1. What salary do you want?

A trick question, this one. First of all, if you are going through a recruitment agent or a recruiter, then let them handle this.  Simply say “My recruiter told me not to talk about salary, I’m sure it would be a fair”. If you are not going through a recruiter, then ask what range of salary the position is offering. This is tactical. You need to know the range, as you want to be at the higher limit. Then you suggest somewhere around the higher limit. Do not undersell yourself which is easier said than done. Imagine you are there in the room, you like the job so much that you could easily accept less than you were expecting. But I tell you now, when you are working there for a couple of months you will regret not pushing you salary request higher.

No matter what salary you say, the offer will be lower. So say around the higher figure, and you will get a decent offer.

Freelance Writing Jobs for a Home Business, Best Advice Found Here!

Freelance writing jobs are easier to find now than ever before. The internet has made it easier to find all kinds of home based jobs. But, many of the ads for “typing from home” are nothing more than scams. Asking some simple questions will help you find a real job and avoid the scams.

What does it cost?

A company should not charge you a fee to do work for them. If there is a fee attached to a program you are considering, you should find out what you are really paying for. There are some services that act as intermediaries between employers and contractors. They provide a payment solution for the employer and a list of available projects for the freelancer.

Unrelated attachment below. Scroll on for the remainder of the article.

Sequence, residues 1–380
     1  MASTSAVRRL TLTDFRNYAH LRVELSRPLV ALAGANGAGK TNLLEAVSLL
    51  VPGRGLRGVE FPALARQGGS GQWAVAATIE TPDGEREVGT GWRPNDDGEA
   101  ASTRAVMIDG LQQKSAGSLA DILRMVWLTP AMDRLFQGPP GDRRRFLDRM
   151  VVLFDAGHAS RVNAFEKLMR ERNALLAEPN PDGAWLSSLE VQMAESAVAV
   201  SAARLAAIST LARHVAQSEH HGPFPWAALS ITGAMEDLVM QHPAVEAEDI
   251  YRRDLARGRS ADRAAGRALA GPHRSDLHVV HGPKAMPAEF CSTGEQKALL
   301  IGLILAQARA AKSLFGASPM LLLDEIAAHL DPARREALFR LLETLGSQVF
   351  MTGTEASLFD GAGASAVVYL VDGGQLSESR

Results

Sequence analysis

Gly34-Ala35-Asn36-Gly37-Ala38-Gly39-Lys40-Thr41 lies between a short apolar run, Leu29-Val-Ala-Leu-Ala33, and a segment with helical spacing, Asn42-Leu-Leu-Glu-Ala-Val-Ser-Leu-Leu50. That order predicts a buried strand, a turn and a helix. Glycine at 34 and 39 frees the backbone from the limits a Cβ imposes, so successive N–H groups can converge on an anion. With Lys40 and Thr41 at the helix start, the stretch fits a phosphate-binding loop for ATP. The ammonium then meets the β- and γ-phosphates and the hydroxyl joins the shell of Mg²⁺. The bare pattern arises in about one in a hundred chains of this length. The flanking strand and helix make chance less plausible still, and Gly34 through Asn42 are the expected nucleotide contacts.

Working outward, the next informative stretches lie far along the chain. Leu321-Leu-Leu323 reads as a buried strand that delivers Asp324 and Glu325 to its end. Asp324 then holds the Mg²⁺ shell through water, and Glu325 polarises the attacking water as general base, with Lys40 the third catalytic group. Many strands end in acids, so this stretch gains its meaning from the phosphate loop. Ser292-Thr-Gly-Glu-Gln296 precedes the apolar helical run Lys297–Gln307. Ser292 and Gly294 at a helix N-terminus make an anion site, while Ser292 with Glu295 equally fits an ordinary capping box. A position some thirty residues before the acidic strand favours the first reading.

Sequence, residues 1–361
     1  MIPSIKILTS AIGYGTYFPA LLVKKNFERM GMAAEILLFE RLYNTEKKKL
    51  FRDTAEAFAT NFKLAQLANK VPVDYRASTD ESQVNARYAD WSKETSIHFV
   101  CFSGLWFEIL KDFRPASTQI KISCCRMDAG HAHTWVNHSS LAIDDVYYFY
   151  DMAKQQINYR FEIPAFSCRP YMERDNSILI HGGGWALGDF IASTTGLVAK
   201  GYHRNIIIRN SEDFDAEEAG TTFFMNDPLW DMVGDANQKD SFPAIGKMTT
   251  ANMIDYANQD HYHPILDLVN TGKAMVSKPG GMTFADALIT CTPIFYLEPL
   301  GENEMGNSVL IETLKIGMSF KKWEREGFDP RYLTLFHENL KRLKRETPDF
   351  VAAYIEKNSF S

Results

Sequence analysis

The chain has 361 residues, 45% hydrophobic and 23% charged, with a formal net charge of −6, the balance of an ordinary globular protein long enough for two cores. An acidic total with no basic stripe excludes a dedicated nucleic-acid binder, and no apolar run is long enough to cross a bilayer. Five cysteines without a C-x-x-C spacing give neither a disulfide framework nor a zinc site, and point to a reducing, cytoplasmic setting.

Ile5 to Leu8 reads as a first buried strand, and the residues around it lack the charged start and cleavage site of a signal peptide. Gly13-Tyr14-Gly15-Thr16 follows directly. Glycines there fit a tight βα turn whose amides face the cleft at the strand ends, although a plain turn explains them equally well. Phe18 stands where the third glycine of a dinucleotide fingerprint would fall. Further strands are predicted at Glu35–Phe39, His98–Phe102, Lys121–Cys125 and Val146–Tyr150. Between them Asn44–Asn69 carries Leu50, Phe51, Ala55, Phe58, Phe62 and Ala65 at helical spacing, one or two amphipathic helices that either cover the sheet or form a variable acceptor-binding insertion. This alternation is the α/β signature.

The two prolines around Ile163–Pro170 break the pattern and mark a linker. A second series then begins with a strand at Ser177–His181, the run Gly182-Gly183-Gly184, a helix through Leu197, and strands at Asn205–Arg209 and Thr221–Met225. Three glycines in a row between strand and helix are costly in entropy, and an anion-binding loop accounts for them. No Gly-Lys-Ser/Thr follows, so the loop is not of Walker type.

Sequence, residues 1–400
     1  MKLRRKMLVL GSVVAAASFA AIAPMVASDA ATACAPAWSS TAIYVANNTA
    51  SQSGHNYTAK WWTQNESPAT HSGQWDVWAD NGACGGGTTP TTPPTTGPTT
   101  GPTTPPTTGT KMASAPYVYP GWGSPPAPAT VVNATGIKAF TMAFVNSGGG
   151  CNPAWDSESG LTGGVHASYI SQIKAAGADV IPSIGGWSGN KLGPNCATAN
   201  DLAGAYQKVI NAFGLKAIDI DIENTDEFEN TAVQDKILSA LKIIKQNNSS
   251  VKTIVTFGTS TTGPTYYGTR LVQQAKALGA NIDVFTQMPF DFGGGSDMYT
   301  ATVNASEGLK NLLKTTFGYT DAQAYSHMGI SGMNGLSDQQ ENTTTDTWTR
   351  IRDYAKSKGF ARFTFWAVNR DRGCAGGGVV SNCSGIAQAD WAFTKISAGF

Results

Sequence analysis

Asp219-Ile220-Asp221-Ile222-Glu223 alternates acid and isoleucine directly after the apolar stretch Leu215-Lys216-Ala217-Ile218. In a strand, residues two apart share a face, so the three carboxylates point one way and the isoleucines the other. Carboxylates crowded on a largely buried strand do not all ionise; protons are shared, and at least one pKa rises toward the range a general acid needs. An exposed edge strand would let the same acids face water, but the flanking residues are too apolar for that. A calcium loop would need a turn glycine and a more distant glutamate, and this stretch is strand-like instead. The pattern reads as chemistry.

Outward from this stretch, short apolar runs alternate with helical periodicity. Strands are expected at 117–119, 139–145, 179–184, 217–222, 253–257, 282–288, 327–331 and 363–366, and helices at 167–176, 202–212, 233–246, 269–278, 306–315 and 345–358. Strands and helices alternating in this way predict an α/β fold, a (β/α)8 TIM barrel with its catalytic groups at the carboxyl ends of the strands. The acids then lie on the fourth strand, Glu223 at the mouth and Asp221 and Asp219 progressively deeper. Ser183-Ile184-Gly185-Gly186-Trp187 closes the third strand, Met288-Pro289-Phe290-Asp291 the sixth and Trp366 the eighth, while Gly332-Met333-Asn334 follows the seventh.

It might be worth signing up with that kind of service in order to find good freelance writing jobs as long as the monthly fee is not too high. But, remember this. You are getting paid less, because the employer is paying the service.

What is the rate of pay?

This is something that you would ask when applying for a traditional job. Most “real” employers fully explain the salary or hourly rate, as well as other types of compensation such as health insurance or paid vacations.

Many companies that offer home based jobs talk about your earning “potential”. You should take a moment to be skeptical if you see that word.

One of the websites advertising under the heading of “typing from home for money” says that all is required of you is to fill out some simple forms. Supposedly, you are filling out these forms for other advertisers. But, the site does not explain how much you make per hour or how you get paid. You have to sign up for the program in order to learn more.

Maybe it’s legit, but it could be a scam. Always read the fine print and never provide your credit card information until you are sure that the program is a worthwhile investment.